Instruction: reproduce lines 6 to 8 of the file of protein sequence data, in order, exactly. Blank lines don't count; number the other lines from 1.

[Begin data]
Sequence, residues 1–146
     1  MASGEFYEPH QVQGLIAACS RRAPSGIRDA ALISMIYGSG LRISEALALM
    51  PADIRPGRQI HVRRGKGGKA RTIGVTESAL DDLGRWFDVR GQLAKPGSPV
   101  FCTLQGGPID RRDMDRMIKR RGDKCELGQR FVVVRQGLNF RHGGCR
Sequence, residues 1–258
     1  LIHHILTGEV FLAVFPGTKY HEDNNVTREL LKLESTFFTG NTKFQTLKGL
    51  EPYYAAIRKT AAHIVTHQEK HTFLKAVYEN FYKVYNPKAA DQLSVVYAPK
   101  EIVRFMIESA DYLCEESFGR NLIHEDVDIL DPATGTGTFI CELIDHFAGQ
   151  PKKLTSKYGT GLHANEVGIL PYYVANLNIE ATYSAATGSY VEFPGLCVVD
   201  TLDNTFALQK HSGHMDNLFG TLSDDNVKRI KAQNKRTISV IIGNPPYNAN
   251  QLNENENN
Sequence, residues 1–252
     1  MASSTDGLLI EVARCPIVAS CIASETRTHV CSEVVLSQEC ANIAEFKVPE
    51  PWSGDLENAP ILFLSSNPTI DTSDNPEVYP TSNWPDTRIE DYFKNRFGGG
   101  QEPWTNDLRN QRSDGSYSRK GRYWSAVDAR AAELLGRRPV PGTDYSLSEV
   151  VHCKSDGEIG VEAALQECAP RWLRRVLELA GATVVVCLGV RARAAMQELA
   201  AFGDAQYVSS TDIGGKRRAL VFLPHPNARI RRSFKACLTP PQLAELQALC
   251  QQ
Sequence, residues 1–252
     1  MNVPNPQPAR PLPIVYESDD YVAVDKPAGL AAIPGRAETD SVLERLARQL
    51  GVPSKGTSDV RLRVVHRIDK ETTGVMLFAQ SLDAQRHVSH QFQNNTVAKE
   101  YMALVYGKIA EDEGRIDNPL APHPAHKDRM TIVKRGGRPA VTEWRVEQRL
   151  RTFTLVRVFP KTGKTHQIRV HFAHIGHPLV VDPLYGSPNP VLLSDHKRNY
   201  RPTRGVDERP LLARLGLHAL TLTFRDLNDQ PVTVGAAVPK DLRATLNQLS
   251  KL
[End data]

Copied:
     1  LIHHILTGEV FLAVFPGTKY HEDNNVTREL LKLESTFFTG NTKFQTLKGL
    51  EPYYAAIRKT AAHIVTHQEK HTFLKAVYEN FYKVYNPKAA DQLSVVYAPK
   101  EIVRFMIESA DYLCEESFGR NLIHEDVDIL DPATGTGTFI CELIDHFAGQ